Be a good listener
Let your child know that she is not alone in this
Let her know that it is not her fault
Compliment her on her ability to share this problem and compliment her strengths ~ empower her
Guide her through the problem-solving process
Role-play ways to handle the situation ~ be assertive!
Involve your child in activities outside of school
Be a positive role model

What to do to help when your daughter is the target or victim?

Adapted from the reading guide provided by the Author at http://www.rosalindwiseman.com/html/books_questions_wannabes.htm

Queen Bees and Wannabees Discussion Points

What were conflicts you experienced with friends when you were growing up?
How do you think those experiences influence the way you parent your daughter?
What group, if any, were you in?
Did you ever have a friend make you feel bad by saying “I’m just joking” to dismiss whatever mean thing they just said? How did you handle it? How have you seen this phrase used in your adult life?
What are the positive attributes of the different roles girls can play?

She hangs around by you but doesn’t share anything.
She reports not feeling well and wants to stay home.
She asks to go on an errand with you.
She asks to watch TV with you.
She weaves a possible problem into a conversation.
She tries to get you alone.

Look for Signs of Distress

Discussion Points:

motivated by underlying fear and insecurity.

An awareness of the hidden causes of girl bullying

Gaining an understanding that these are behaviors we don’t have to accept

Sharing support and skill building for dealing with and/or reducing girl bullying behavior.

What is relational aggression?


Music Video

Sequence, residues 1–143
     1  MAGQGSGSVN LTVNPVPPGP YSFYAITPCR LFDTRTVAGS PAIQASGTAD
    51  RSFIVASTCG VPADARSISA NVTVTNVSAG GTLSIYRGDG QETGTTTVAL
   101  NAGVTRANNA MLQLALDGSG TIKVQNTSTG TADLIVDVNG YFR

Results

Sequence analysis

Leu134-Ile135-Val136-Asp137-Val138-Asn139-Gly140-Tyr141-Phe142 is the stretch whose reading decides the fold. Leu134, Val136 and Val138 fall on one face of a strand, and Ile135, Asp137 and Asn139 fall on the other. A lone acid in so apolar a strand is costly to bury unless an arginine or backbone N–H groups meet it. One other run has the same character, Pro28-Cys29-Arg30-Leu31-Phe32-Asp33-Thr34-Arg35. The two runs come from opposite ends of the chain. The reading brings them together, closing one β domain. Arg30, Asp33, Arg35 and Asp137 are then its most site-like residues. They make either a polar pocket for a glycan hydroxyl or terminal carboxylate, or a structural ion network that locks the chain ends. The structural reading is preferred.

Introduce yourself ~ share the age of your child
What would you like to gain from this coffee chat?

Is it safe for me to speak out assertively?
Say, “STOP!”
Encourage other bystanders to speak out

to be bullied or let others be bullied


Empowered Bystanders

Adapted from http://www.mltei.org/cqn/Adolescent%20Development/Resources/Gender,%20Race,%20Ethnicity%20&%20SES/Wiseman,%20Queen%20bees%20and%20wannabes-Summary.pdf

Thoughts from Girls

Adapted from the reading guide provided by the Author at http://www.rosalindwiseman.com/html/books_questions_wannabes.htm

Queen Bees and Wannabees Discussion Points

How does your daughter express her anger?
Does your daughter have a hard time letting go of grudges? How do you think you can help her do that more easily?
How much does the internet, cell phones and other forms of technology play a part in the way girls’ in your community have conflicts with each other?
How do you feel about technology? Does it make you anxious or excited? How do you help your daughter navigate her world when it’s defined by so many different methods of communication than what you grew up with?

Bullying from Two Perspectives:
Bullying in the Girls’ World
and in the Boys’ World

Presented by Jennifer Vandenbrook, M.Ed., LPC


The Three R’s of
Responding to Bullying

What Does Bullying
Look Like?

Physical bullying means:
Hitting, kicking, or pushing someone...or even just threatening to do it
Stealing, hiding or ruining someone's things
Making someone do things he or she don't want to do

Verbal bullying means:
Spreading lies or rumors about someone